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https://www.readbyqxmd.com/read/29788910/infection-with-high-proportion-of-multidrug-resistant-bacteria-in-conflict-related-injuries-is-associated-with-poor-outcomes-and-excess-resource-consumption-a-cohort-study-of-syrian-patients-treated-in-jordan
#1
Andreas Älgå, Sidney Wong, Muhammad Shoaib, Kalle Lundgren, Christian G Giske, Johan von Schreeb, Jonas Malmstedt
BACKGROUND: Armed conflicts are a major contributor to injury and death globally. Conflict-related injuries are associated with a high risk of wound infection, but it is unknown to what extent infection directly relates to sustainment of life and restoration of function. The aim of this study was to investigate the outcome and resource consumption among civilians receiving acute surgical treatment due to conflict-related injuries. Patients with and without wound infections were compared...
May 22, 2018: BMC Infectious Diseases
https://www.readbyqxmd.com/read/29760768/mechanisms-of-change-for-interventions-aimed-at-improving-the-wellbeing-mental-health-and-resilience-of-children-and-adolescents-affected-by-war-and-armed-conflict-a-systematic-review-of-reviews
#2
REVIEW
Tania Josiane Bosqui, Bassam Marshoud
Despite increasing research and clinical interest in delivering psychosocial interventions for children affected by war, little research has been conducted on the underlying mechanisms of change associated with these interventions. This review aimed to identify these processes in order to inform existing interventions and highlight research gaps. A systematic review of reviews was conducted drawing from academic databases (PubMed, PILOTS, Cochrane Library for Systematic Reviews) and field resources (e.g. Médecins Sans Frontières and the Psychosocial Centre of the International Federation of Red Cross and Red Crescent Societies), with extracted data analysed using Thematic Content Analysis...
2018: Conflict and Health
https://www.readbyqxmd.com/read/29746619/voluntary-community-human-immunodeficiency-virus-testing-linkage-and-retention-in-care-interventions-in-kenya-modeling-the-clinical-impact-and-cost-effectiveness
#3
Liem B Luong Nguyen, Yazdan Yazdanpanah, David Maman, Sitima Wanjala, Alexandra Vandenbulcke, Jianthi Price, Robert A Parker, William Hennequin, Pierre Mendiharat, Kenneth A Freedberg
Background: In southwest Kenya, the prevalence of human immunodeficiency virus (HIV) infection is about 25%. Médecins Sans Frontières has implemented a voluntary community testing (VCT) program, with linkage to care and retention interventions, to achieve the Joint United Nations Program on HIV and AIDS (UNAIDS) 90-90-90 targets by 2017. We assessed the effectiveness and cost-effectiveness of these interventions. Methods: We developed a time-discrete, dynamic microsimulation model to project HIV incidence over time in the adult population in Kenya...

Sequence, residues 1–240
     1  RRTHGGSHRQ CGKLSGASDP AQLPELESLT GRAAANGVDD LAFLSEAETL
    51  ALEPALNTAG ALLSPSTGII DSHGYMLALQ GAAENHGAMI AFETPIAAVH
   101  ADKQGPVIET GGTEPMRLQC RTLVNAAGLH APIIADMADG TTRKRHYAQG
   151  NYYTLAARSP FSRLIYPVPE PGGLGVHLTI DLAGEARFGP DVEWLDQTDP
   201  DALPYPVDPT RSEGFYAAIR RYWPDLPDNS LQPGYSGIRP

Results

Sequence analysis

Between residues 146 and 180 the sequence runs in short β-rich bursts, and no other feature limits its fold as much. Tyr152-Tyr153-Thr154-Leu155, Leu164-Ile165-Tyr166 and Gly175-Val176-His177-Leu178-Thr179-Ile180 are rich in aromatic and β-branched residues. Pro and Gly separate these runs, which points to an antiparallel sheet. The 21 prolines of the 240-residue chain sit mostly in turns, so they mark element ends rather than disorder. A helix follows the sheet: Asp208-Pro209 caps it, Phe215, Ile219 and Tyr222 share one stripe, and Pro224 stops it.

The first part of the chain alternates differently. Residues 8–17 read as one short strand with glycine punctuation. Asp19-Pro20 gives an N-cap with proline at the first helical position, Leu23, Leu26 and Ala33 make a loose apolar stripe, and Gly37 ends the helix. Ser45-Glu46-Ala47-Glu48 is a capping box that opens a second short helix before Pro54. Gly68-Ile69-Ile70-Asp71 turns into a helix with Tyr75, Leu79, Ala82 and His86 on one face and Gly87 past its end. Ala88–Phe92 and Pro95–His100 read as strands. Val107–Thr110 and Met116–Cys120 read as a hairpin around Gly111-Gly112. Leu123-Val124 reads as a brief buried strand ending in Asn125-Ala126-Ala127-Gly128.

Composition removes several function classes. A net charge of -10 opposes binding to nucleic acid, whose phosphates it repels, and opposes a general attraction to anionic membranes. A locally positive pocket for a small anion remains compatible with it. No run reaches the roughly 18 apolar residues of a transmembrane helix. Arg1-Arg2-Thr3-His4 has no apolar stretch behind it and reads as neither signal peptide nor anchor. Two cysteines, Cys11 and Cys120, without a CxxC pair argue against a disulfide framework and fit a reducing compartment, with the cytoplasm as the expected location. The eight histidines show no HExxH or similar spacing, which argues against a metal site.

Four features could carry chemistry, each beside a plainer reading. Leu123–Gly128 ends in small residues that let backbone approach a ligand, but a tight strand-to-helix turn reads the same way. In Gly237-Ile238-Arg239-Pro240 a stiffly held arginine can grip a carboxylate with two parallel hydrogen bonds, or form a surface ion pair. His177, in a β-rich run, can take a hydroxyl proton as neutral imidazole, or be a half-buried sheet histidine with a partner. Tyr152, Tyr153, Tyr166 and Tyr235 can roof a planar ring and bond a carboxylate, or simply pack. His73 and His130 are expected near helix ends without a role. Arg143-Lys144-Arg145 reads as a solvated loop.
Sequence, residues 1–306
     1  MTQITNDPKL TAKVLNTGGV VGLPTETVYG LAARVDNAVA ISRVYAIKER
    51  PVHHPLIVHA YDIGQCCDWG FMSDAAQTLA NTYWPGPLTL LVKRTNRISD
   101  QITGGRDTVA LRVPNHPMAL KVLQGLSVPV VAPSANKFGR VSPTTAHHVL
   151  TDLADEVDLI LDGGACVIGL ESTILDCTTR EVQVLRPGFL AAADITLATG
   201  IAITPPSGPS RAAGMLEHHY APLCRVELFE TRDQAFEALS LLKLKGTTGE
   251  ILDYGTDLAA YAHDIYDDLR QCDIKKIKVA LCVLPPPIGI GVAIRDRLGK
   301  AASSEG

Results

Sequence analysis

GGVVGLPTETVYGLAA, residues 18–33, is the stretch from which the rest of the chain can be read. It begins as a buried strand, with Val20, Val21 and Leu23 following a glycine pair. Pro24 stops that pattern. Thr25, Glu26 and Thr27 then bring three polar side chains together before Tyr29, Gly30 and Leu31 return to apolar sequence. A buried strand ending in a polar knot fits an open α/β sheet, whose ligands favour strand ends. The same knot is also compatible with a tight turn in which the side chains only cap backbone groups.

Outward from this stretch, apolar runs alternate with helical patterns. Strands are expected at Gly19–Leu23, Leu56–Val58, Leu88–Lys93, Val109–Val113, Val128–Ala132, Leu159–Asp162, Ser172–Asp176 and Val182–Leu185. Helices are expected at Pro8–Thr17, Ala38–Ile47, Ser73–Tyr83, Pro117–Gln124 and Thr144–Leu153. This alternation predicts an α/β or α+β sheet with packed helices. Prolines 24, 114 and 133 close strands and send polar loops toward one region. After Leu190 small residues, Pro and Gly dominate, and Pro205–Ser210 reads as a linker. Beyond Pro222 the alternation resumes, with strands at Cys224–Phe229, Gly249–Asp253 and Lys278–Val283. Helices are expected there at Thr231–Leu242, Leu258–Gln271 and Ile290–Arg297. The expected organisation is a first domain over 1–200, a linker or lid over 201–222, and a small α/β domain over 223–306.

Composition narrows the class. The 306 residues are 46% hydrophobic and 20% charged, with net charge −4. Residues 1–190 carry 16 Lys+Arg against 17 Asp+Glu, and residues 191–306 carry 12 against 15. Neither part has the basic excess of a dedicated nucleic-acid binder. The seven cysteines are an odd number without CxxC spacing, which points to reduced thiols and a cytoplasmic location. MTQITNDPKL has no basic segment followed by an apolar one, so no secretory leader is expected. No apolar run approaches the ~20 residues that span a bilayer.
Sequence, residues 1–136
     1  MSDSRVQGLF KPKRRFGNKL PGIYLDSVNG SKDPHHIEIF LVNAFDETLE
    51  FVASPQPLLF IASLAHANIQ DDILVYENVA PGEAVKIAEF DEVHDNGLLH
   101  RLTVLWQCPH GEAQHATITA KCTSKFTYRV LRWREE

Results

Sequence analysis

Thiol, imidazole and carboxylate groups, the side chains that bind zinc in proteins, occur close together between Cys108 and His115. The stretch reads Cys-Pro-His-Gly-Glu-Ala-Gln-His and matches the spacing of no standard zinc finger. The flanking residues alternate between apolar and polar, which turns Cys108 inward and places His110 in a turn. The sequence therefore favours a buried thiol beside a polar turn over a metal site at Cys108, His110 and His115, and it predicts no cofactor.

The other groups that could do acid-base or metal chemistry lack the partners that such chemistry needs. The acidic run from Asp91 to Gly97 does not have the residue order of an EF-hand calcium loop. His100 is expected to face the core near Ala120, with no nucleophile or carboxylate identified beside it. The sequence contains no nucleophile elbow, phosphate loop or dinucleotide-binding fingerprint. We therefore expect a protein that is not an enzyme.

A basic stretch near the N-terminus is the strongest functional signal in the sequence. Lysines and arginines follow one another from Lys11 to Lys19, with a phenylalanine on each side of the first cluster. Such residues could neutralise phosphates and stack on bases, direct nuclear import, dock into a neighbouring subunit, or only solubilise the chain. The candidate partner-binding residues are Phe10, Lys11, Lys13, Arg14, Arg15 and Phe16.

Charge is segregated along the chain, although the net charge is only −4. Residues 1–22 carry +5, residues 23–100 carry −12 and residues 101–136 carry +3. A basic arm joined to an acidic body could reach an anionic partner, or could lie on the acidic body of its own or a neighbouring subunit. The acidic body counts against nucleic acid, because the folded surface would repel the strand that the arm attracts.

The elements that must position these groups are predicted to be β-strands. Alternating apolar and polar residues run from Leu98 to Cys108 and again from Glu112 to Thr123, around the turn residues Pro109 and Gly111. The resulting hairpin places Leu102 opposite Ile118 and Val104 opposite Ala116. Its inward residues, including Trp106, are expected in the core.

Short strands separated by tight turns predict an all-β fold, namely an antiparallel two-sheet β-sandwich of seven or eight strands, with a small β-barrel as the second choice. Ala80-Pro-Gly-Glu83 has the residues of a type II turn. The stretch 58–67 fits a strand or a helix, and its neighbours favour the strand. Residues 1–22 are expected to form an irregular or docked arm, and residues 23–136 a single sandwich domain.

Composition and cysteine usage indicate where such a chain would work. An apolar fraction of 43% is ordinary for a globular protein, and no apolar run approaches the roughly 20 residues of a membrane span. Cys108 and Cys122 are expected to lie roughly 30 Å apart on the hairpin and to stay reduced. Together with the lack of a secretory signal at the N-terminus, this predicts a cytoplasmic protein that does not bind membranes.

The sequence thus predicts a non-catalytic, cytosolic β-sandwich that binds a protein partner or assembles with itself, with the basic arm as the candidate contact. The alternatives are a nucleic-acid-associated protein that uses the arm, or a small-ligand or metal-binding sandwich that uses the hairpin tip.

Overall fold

May 8, 2018: Clinical Infectious Diseases: An Official Publication of the Infectious Diseases Society of America
https://www.readbyqxmd.com/read/29734337/highly-targeted-cholera-vaccination-campaigns-in-urban-setting-are-feasible-the-experience-in-kalemie-democratic-republic-of-congo
#4
Louis Albert Massing, Soumah Aboubakar, Alexandre Blake, Anne-Laure Page, Sandra Cohuet, Adalbert Ngandwe, Eric Mukomena Sompwe, Romain Ramazani, Marcela Allheimen, Philippe Levaillant, Pauline Lechevalier, Marie Kashimi, Axelle de la Motte, Arielle Calmejane, Malika Bouhenia, Ernest Dabire, Didier Bompangue, Benoit Kebela, Klaudia Porten, Francisco Luquero
INTRODUCTION: Oral cholera vaccines are primarily recommended by the World Health Organization for cholera control in endemic countries. However, the number of cholera vaccines currently produced is very limited and examples of OCV use in endemic countries, and especially in urban settings, are scarce. A vaccination campaign was organized by Médecins Sans Frontières and the Ministry of Health in a highly endemic area in the Democratic Republic of Congo. This study aims to describe the vaccine coverage achieved with this highly targeted vaccination campaign and the acceptability among the vaccinated communities...
May 7, 2018: PLoS Neglected Tropical Diseases
https://www.readbyqxmd.com/read/29731398/cholera-epidemic-in-yemen-2016-18-an-analysis-of-surveillance-data
#5
Anton Camacho, Malika Bouhenia, Reema Alyusfi, Abdulhakeem Alkohlani, Munna Abdulla Mohammed Naji, Xavier de Radiguès, Abdinasir M Abubakar, Abdulkareem Almoalmi, Caroline Seguin, Maria Jose Sagrado, Marc Poncin, Melissa McRae, Mohammed Musoke, Ankur Rakesh, Klaudia Porten, Christopher Haskew, Katherine E Atkins, Rosalind M Eggo, Andrew S Azman, Marije Broekhuijsen, Mehmet Akif Saatcioglu, Lorenzo Pezzoli, Marie-Laure Quilici, Abdul Rahman Al-Mesbahy, Nevio Zagaria, Francisco J Luquero